The Quiet Sex Appeal of Andy Warhol’s Nudie Drawings
“Into” is a series dedicated to objects, artworks, garments, exhibitions, and all orders of things that we are into — and there really isn’t a lot more to it than that. This week: Mitchell Nugent takes a peek at the collection of illustrations featured in the new book Andy Warhol: Love, Sex, and Desire.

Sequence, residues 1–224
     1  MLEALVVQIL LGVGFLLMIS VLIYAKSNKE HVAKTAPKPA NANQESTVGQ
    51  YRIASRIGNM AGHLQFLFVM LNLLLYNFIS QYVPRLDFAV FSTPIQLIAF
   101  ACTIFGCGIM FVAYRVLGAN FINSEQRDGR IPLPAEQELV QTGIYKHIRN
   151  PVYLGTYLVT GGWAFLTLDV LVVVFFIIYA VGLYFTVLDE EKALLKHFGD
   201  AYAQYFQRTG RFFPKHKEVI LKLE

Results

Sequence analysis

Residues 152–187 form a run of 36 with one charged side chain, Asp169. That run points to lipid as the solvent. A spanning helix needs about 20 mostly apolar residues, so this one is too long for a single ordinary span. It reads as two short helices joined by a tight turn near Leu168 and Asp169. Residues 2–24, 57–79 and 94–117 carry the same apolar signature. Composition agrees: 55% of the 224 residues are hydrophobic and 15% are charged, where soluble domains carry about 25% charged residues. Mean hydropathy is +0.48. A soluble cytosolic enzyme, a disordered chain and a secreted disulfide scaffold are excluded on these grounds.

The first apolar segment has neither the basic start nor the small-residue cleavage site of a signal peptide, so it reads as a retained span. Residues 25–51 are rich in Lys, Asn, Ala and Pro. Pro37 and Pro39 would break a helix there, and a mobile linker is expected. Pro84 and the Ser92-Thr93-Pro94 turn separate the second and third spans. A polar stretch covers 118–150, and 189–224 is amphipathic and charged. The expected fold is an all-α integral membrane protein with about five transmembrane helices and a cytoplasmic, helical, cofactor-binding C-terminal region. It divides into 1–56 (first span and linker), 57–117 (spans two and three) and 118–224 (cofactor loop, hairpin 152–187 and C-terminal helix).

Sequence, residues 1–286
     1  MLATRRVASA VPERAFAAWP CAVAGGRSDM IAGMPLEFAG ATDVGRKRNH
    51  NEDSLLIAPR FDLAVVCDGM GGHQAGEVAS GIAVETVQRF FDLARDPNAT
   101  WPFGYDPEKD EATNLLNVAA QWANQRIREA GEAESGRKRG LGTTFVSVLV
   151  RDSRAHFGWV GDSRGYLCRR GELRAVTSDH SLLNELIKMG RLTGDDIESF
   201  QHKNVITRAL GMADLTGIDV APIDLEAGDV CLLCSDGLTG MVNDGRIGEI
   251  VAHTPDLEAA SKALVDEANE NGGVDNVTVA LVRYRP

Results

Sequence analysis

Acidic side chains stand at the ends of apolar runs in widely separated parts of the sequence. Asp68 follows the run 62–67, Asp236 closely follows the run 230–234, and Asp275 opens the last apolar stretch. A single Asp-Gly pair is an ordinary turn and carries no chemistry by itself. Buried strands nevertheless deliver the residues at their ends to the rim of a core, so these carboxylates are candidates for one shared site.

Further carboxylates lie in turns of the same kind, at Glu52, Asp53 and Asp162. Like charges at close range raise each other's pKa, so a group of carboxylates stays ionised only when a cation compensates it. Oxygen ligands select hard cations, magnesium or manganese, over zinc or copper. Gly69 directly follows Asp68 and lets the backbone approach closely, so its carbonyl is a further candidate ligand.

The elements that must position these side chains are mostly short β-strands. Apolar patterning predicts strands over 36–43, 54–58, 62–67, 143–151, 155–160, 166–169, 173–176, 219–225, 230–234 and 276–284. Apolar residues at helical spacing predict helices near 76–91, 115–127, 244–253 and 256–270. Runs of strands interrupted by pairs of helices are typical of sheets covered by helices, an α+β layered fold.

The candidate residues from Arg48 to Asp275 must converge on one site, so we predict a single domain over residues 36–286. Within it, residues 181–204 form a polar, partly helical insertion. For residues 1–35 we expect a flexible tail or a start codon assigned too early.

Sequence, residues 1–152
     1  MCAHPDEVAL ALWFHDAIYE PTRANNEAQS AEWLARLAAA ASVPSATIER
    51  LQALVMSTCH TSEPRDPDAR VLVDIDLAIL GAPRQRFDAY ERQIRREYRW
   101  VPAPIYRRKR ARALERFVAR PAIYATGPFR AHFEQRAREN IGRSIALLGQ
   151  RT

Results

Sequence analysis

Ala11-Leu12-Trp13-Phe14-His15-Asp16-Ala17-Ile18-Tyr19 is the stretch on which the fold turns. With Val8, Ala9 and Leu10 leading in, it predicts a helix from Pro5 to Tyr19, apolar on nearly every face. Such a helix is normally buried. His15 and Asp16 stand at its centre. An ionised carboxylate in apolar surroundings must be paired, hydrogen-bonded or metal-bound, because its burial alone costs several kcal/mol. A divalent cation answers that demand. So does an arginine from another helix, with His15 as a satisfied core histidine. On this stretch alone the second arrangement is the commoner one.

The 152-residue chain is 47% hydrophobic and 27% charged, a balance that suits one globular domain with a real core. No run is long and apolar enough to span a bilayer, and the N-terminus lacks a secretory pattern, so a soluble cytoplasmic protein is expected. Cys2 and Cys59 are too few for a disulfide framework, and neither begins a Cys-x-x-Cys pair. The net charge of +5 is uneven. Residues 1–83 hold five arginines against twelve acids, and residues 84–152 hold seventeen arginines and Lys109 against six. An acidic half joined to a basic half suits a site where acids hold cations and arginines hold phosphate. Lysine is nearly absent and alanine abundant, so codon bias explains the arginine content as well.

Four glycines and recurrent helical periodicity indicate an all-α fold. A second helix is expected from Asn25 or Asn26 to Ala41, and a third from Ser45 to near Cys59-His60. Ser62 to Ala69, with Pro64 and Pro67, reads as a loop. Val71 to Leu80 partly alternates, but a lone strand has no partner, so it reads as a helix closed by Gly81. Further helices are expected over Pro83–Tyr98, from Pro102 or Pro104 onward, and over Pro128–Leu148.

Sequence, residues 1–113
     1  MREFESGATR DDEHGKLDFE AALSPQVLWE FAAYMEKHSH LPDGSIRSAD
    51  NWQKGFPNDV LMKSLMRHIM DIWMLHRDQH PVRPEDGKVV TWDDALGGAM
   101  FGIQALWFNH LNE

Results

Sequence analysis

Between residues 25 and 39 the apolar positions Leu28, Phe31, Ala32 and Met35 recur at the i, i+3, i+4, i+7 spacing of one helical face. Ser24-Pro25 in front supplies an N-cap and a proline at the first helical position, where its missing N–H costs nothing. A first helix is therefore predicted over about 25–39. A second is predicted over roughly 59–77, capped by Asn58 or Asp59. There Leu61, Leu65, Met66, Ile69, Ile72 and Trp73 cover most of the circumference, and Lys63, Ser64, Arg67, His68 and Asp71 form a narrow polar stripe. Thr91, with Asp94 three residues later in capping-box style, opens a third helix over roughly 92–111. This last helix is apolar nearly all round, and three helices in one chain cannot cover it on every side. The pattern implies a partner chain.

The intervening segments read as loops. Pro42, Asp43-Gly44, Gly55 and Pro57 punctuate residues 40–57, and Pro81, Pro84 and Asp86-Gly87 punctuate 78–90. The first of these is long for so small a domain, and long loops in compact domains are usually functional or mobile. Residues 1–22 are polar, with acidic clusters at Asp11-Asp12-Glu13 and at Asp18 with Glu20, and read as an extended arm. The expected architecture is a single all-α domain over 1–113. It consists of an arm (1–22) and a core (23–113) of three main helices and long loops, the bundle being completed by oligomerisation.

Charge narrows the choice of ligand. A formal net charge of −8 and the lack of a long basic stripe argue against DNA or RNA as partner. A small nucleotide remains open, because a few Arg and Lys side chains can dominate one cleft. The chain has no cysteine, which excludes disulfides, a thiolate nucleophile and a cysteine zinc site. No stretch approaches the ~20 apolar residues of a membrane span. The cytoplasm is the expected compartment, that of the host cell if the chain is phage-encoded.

Though the name Andy Warhol may be synonymous with an effervescent palette of puckered Marilyn Monroe lips and dollar signs, Taschen’s new tome on the artist shows a softer side to his aesthetic. Published this week, Andy Warhol. Love, Sex, and Desire. Drawings 1950–1962 features a collection of more than 300 recently excavated illustrations that depict one of Warhol’s favorite subject matters: men. Galleries, museums, and monographs have long exhibited the Interview founder’s appreciation for the male anatomy, but few have displayed works quite as delicate and fragile as these. While Warhol’s etchings of scantily-clad males are brazen, the thin lines of which they are composed endow them with a certain tenderness, as if drawn by the hand of a love-struck teenager. Little butterflies and scribbled hearts adorn the sketches throughout, and in contrast to his punchy, Kool-Aid color palette, here Warhol works mostly in simple black lines. Coupled with sweet poems by the likes of Allen Ginsberg and James Baldwin, the illustrations are imbued with an air of affection that seeps through the pages. Even Warhol’s phallic portraits feel fanciful and oddly romantic, cinched with a bow and presented like a gift that will keep on giving this holiday season.